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Water shortages

The question

Spain, Portugal and Australia are suffering droughts, and restrictions are in place in England and France. There is also concern about water supplies across China. What should be done to guarantee global water supplies?

Surely this all comes back to global warming. We need to address the issues of carbon emissions, especially from vehicles and most especially those gas guzzlers in the US. Maybe after Tony Blair manages to squeeze some money out of President Bush to alleviate poverty in Africa he can persuade him to sign up to Kyoto and take some responsibility for the damage being done to our global environment.

Mike Jackson, 49, technical director, Sale Clearly when we have periodic fl oods and droughts the answer has to be to provide water storage that is not prone to evaporation. Recharging natural aquifers or creating new ones by sealing caverns and using natural flood plains appears to be an economic approach. Less draining of farm lands, a reversal of previous policy, would also help. Failing that, many other options are possible but too expensive.

Geoff Home, 55, engineering manager, London Turn off all of the world's golf course sprinkler systems for one week. Surely this measure alone would eliminate water shortage problems. It may lead to civil unrest and rioting from many civil engineers but it would, I'm sure sort things out.

Howard Hutchinson, 35, contracts manager, Dorset (non golfer) The erratic nature of the weather can only be due to global warming and it is getting worse. The world's governments must do something about it before it is too late.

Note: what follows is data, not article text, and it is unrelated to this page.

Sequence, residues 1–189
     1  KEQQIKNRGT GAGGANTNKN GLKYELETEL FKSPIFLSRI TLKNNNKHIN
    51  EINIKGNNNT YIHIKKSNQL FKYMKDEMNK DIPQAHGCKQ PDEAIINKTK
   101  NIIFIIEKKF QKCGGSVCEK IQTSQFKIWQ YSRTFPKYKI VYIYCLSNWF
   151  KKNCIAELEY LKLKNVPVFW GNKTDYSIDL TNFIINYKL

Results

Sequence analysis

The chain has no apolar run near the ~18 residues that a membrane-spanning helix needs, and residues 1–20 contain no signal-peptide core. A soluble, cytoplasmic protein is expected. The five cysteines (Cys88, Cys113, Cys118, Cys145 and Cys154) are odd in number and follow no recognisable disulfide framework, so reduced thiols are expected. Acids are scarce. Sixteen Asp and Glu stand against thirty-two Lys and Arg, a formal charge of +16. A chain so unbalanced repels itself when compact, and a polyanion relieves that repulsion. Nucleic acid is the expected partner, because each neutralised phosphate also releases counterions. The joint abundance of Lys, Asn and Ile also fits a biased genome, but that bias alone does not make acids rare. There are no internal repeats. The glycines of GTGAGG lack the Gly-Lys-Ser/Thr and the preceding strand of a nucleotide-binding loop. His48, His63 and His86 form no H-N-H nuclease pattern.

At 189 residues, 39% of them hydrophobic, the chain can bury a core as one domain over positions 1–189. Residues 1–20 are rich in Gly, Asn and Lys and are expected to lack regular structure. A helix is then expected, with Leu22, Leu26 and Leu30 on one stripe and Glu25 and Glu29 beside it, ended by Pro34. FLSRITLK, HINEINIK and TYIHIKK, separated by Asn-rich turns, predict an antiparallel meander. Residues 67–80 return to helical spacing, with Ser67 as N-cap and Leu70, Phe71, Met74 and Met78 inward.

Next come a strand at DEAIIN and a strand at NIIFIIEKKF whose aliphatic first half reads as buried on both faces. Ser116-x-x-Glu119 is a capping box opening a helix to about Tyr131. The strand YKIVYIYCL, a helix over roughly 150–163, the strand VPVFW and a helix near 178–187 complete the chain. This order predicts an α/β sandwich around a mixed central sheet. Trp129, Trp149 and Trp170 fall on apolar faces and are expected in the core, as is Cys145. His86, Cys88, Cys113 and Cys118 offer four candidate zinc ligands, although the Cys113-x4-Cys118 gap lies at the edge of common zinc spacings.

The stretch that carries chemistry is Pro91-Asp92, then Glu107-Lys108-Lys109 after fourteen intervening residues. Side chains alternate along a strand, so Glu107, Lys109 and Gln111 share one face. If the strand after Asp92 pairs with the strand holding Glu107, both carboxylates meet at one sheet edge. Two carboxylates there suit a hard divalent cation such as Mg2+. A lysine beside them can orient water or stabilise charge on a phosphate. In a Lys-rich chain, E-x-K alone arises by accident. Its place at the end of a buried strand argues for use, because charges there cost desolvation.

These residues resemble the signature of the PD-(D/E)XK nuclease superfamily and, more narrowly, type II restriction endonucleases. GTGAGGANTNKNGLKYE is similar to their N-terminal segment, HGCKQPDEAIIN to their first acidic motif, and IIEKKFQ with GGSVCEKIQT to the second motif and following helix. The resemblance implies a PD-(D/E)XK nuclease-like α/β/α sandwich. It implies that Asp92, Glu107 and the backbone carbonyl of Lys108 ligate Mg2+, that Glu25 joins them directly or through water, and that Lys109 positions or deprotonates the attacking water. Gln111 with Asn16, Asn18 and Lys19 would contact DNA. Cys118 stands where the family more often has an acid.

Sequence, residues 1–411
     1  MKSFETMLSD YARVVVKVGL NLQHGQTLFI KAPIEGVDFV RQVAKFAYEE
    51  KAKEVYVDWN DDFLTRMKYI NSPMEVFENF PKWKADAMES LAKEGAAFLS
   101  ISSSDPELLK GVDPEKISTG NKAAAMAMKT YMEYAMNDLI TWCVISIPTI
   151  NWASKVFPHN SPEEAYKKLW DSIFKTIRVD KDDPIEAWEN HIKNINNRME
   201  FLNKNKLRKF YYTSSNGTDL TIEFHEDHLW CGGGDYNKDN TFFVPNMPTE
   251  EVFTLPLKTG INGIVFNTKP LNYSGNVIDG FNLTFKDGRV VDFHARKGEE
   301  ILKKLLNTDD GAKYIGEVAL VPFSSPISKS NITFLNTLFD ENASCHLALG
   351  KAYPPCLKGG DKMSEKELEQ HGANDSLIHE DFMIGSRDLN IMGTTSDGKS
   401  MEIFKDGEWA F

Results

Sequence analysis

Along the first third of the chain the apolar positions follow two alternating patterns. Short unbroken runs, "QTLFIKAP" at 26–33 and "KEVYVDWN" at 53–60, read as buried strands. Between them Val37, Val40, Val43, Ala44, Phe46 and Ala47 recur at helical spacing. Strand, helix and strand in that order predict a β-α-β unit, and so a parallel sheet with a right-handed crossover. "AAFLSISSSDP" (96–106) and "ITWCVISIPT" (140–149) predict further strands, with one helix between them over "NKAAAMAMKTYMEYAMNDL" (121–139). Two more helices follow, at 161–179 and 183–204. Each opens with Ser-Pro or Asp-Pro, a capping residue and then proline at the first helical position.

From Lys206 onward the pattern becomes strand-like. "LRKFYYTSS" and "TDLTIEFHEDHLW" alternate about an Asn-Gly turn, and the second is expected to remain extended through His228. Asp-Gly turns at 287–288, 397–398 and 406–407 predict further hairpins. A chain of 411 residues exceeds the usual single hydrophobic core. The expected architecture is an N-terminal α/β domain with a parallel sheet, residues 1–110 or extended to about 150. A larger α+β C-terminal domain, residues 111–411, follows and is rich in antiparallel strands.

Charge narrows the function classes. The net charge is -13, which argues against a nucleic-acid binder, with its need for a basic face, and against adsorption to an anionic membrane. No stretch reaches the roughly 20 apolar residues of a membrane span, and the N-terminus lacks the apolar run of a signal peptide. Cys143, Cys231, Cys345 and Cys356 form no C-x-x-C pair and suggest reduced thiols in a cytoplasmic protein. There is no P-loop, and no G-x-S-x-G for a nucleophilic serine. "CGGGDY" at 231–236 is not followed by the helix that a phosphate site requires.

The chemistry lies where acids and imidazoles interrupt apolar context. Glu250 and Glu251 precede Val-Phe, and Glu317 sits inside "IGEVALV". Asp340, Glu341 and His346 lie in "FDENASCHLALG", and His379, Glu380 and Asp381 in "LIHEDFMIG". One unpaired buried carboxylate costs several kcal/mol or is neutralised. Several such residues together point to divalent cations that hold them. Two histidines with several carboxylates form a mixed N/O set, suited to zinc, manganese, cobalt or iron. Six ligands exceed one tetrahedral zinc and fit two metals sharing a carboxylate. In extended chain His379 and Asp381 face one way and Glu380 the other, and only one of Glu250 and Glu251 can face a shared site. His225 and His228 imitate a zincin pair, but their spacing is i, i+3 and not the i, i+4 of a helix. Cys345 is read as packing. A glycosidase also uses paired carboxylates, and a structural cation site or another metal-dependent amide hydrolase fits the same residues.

Kenneth Brown, structures engineer, Edinburgh Either we have to move water to where the people are or move the people to where the water is. If only the solution to all my engineering problems were this blindingly simple.

Robert Pike, 43, project manager, Exeter It seems that the simplest way forward is to reduce demand, but to control over-consumption we must wait to feel the pain before action is taken. When this will be is anyone's guess.

Alex Pendleton, 33, consultant, London Save water: have a shower with a friend; or, more seriously, have permanent hose pipe bans (aided by ensuring all newbuilds have water butts), require all washing machines and dishwashers to be water efficient, ensure newbuilds have low flush cisterns in WCs and spray taps where appropriate, and ban home jet/power washers.

Charis Fowler, 32, senior engineer, Midlands Take climate change seriously and change our lifestyles before their effect is even more catastrophic. That includes using what water we have more carefully; in our homes, industry and agriculture - so no more power showers!

Peter Borrows, 63, Thames Estuary strategy manager, Reading

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